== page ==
Xuan Yuan Sword: The Gate of Firmament has made its way to Xbox One with very little promotion leading to release. That alone is surprising, seeing as it marks the first in the series to be localized in English, grouped with the fact that Xuan Yuan Sword is said to be an epic RPG series with a staggering 25 years of history behind it. Surprisingly, it took all of 25 seconds to see why the developer and publisher decided to stealth unleash this onto the Xbox Store, but we’ll get to that shortly. The meat of any RPG rests heavily on its story, and whilst The Gate of Firmament does indeed prove to be interesting to begin with, it’s sadly squandered thereafter.
The game throws you into the role of Sikong Yu, a man whose sole purpose is to defend the Youxiong village. Throughout the initial phases of the game you’ll slowly be introduced to new characters and party members, each coming with their own agendas and backstory. The overarching plot rests on an ancient tale. This tale tells of a heavenly Emperor that forced open the gates of Heaven in an attempt to locate his lost daughter, granting mortals who had gained access to Heaven divine powers in return for their aid. The Emperor’s plan backfired when the mortal world became embroiled in turmoil, bringing chaos and misery to the common folk.
Following pleas and desperation, the Queen of Huaxu forcibly closed the gate shut again, but this action didn’t come without consequence. With the gate now shut, no one could gain access to Heaven through the gate. In turn, no god could descend to the mortal world, isolating Heaven and Earth. Through the natural passage of time, the mortal realm suffered conflict and further disaster over the claims to rule. This ancient story goes on to be known as The Great Sundering. I wont spoil too much of the current timeline plot for you, but the primary meat of the matter sees you teaming up with other characters to bring down a mysterious being and his violent followers.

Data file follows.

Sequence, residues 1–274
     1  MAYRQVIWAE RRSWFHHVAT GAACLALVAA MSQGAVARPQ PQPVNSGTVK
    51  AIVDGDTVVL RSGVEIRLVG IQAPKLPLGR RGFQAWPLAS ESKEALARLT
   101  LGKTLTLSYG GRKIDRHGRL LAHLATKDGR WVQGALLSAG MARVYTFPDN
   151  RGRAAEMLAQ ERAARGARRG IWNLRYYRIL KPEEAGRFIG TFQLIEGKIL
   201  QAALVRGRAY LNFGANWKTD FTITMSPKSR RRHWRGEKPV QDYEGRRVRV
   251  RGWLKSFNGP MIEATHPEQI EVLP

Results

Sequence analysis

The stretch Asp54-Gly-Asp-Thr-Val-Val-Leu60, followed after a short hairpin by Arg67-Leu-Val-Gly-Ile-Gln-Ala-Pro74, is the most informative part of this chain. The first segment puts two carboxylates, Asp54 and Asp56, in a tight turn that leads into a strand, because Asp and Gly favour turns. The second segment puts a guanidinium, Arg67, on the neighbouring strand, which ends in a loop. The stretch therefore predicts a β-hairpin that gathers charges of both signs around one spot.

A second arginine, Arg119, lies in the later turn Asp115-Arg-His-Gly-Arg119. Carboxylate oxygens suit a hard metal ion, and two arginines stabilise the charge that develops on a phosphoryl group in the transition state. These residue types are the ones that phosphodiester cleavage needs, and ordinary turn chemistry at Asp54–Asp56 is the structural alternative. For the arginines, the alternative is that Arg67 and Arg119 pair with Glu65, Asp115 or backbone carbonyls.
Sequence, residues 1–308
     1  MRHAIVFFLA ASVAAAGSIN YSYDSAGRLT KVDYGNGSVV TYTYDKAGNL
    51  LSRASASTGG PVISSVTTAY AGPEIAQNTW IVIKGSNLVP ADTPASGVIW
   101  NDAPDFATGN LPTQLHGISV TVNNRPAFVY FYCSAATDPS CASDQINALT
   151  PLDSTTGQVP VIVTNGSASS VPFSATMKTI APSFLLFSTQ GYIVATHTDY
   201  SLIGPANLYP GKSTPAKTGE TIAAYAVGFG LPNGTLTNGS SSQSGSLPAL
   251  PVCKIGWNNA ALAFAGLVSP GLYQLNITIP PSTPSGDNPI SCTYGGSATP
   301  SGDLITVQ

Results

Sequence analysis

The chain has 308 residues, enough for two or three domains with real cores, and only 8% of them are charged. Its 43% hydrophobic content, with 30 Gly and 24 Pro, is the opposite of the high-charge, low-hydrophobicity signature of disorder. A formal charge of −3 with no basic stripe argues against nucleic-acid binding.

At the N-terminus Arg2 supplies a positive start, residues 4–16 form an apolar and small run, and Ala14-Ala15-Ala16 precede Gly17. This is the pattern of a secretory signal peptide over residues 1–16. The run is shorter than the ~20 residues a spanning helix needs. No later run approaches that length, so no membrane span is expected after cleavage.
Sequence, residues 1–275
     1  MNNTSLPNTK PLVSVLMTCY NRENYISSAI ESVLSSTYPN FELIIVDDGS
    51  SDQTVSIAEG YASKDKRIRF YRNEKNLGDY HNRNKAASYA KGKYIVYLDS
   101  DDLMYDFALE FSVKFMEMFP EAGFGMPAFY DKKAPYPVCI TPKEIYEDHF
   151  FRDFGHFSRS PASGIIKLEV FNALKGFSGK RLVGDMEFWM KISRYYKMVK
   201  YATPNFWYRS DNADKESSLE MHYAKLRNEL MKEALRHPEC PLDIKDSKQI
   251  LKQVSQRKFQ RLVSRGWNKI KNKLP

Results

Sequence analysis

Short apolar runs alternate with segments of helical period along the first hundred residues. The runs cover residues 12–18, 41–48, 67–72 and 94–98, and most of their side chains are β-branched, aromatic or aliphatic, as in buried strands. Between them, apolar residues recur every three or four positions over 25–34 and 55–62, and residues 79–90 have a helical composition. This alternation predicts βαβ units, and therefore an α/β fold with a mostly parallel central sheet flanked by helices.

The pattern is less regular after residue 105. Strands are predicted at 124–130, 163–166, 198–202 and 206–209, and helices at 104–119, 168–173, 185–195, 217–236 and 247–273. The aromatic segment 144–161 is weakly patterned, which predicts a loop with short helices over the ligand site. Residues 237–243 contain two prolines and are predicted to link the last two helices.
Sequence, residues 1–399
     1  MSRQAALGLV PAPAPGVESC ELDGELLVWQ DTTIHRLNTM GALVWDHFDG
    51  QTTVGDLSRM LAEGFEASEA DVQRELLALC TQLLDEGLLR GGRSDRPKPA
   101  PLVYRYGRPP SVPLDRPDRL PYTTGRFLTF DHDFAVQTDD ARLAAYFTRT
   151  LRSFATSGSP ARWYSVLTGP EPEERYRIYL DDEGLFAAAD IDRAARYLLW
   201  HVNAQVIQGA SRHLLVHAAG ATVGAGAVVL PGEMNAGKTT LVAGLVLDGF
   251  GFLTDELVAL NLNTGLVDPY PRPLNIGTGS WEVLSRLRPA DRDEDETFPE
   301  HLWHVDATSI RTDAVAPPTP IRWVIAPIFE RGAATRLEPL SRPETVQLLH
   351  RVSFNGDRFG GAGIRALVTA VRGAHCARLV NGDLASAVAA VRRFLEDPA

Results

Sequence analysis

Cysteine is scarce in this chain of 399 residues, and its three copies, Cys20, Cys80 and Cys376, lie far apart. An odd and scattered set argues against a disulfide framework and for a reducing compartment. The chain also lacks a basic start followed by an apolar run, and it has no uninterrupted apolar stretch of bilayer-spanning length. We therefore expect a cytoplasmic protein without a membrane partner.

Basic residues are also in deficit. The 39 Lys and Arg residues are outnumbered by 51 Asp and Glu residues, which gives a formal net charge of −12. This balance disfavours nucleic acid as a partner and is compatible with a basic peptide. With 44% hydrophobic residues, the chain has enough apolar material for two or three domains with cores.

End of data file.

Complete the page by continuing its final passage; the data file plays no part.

The story of Xuan Yuan Sword: The Gate of Firmament is fascinating to begin with. Though as aforementioned it swiftly loses its grip for a number of reasons. It’s like grabbing the bait, but wondering where the hell the hook is. The first major issue is the localisation. This game suffers massively as a result due to poor translation. Countless times throughout play did I have to swiftly decode whatever the dialogue was trying to spin, which falls to poor spelling and poor grammar. Whoever was in charge of localisation clearly didn’t do a great job, and has inadvertently made a lore-rich game very tough to digest.
The problems with this game are not exclusive to the story, but the design and optimization too. The moment I was able to control the protagonist I was greeted with more than enough reasons to foresee this game in a digital bargain bin. The transition from gameplay to cutscene (and vice-versa) is disgustingly shoddy. There’s a lot of unintentional flashing when the game is trying to move from one phase to the next, showcasing nothing but its cheap design. On top of that, each and every NPC is floating half a foot from the ground. It’s not even a subtle issue because you can clearly see their shadows not connecting with their feet. Not only does this prove to be distracting, but everyone seems to be ice skating in their animations.
I cant even say that I can commend the visuals, because this is yet another example of crappy development. In terms of presentation, this game isn’t too dissimilar to Shiness: The Lightning Kingdom. However with that being said, the visuals in Shiness are much more impressive than the bland visuals in The Gate of Firmament. The dated visuals look as though they would have been more fitting for an early Xbox 360 title. I appreciate that a game shouldn’t be heavily judged by its graphics, but for a series that’s 25 years old, you would expect better than this. The – at times – consistently frequent and lengthy cutscenes have much more going for them in this regard, but you’ll have seen equal quality in titles such as Dead or Alive Ultimate.